Pop Psych: Where we ask a real psychotherapist to delve into the mindsets of our favorite pop culture characters.
Netflix’s newest gem, Stranger Things, builds its world out of lost pieces of nostalgia for a time that probably never quite existed, but it does so in a way that shows it understands the power of the little things. One of my favorite recurring easter eggs is how frequently Stephen King’s books turn up at pivotal moments of plot development, and not just because I like seeing the creators of such a superb show acknowledge their own influences. No, the reason Stephen King’s presence stands out to me so strongly in this show is because he so keenly understand how to write magical children (and magical black people, but that’s a different matter). In King’s most terrifying and moving books, he places children at the axis of power and helplessness, and Stranger Things follows in kind.
The show’s plot centers on a mysterious young girl, L, who carries both a dark history and an astonishing power within herself. When we first meet her, she’s stumbling around the woods in a hospital gown and with a shaved head, ravenous with hunger. Though she’s obviously terrified of human contact, she’s hungry enough to overcome her fear and sneaks into a diner to steal some food. As the series progresses, we see her rise among friends, succumb to horrifying flashbacks, and tap into inner reserves of strength it seems impossible for any person, let alone child, to have at their command.
As a lifelong nerd, I can say with confidence that this is not a rare story-arc in sci-fi and fantasy stories. And yet, this one feels different than most – the emotional beats in this show are moving to the point of being occasionally overwhelming. L’s story, not just in her most fantastic moments but in fact more often during her mundane struggle to feel normal, is utterly relatable. For all her magical abilities she comes off as nothing more than a young girl trying hard to find her place in the world. The implication is that Stranger Things understands something about why the magical child trope recurs so frequently in our myths, literature, and media.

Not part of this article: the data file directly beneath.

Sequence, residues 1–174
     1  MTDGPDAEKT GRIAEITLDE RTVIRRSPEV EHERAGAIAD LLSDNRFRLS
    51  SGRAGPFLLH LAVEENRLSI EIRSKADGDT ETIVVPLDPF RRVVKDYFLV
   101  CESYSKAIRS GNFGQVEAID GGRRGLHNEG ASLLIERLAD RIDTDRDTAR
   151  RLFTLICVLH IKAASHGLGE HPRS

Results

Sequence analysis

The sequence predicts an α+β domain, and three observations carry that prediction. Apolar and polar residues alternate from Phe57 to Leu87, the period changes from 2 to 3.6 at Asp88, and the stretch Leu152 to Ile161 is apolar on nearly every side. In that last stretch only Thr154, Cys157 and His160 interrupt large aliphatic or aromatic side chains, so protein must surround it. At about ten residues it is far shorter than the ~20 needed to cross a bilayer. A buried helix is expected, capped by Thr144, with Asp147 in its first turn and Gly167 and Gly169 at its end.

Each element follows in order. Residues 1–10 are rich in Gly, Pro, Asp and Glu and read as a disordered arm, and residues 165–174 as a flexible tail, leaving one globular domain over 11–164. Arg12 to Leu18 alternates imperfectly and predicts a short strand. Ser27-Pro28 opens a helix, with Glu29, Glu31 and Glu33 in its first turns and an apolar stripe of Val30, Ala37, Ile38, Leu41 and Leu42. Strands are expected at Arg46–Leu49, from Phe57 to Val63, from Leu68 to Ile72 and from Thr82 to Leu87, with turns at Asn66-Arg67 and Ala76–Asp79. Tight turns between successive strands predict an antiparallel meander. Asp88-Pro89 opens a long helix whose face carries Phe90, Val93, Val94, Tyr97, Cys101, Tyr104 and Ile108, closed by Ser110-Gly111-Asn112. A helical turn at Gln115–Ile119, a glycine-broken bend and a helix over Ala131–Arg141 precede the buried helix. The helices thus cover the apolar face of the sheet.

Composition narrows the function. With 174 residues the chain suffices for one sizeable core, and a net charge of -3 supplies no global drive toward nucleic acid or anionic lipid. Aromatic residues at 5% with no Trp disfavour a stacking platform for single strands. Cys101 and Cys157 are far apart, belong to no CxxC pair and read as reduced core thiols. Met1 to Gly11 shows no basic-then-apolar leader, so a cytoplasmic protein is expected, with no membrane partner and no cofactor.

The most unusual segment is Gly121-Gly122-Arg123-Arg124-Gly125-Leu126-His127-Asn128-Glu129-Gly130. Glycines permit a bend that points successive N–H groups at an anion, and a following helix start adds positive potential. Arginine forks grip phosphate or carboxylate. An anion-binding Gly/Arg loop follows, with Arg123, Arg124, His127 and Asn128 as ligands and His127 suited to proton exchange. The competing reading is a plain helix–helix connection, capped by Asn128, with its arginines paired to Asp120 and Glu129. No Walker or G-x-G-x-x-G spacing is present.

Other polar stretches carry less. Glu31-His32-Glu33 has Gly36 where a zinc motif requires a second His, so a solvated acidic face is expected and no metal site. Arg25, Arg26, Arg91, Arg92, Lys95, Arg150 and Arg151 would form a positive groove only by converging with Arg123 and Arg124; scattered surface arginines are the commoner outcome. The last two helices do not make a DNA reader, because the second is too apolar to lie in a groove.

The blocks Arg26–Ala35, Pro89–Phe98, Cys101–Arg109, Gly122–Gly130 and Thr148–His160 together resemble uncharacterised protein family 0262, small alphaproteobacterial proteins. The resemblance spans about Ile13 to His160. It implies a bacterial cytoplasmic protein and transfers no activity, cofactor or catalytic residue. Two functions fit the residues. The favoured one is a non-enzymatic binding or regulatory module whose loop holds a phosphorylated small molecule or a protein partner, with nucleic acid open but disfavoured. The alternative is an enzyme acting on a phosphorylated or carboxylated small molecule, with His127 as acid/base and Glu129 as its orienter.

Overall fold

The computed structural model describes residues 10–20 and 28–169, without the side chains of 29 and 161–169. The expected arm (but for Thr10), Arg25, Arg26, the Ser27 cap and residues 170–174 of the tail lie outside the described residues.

As it turns out, L’s story, like her trope, is not a particularly rare one. And while her highs and lows may be higher and lower than most of the abused children I’ve worked with, they are not so different in their effect on her life. The trope of the magical child almost always includes the baggage of a dark past the kid would rather forget. Unfortunately, this makes sense: life is a very stressful place to be, and a lot of people manage stress by taking it out on someone more vulnerable than themselves. And who is more vulnerable than the young?
So we see L and immediately, instinctively know something has gone wrong for her. A little girl shouldn’t be lost, hungry, dirty and abandoned, not in modern culture anyways. And when we see her like this, struggling to survive and forced by her own vulnerability to trust other human beings even after the atrocities they’ve done to her, it’s hard. When we see her struggle, when we watch her get abused in flashbacks, it is as hard to watch as it is unsurprising. These things aren’t supposed to happen, but they do. More often and more easily than any of us would like to admit.
This may be why we so commonly pair childhood horror with otherworldly strength in our fiction; because, though we understand that life isn’t fair, we like to believe that we’re wrong about that fact. There’s just something about the underdog winning that appeals to us frail Humans. For about half the world as it is today, the culture developed around the Old Testament – though David is small and outclassed, he overcomes Goliath through cunning, a kind of internal alternative to external strength. The idea that the weak may somehow learn to stand up to the strong appeals to our natural compassion.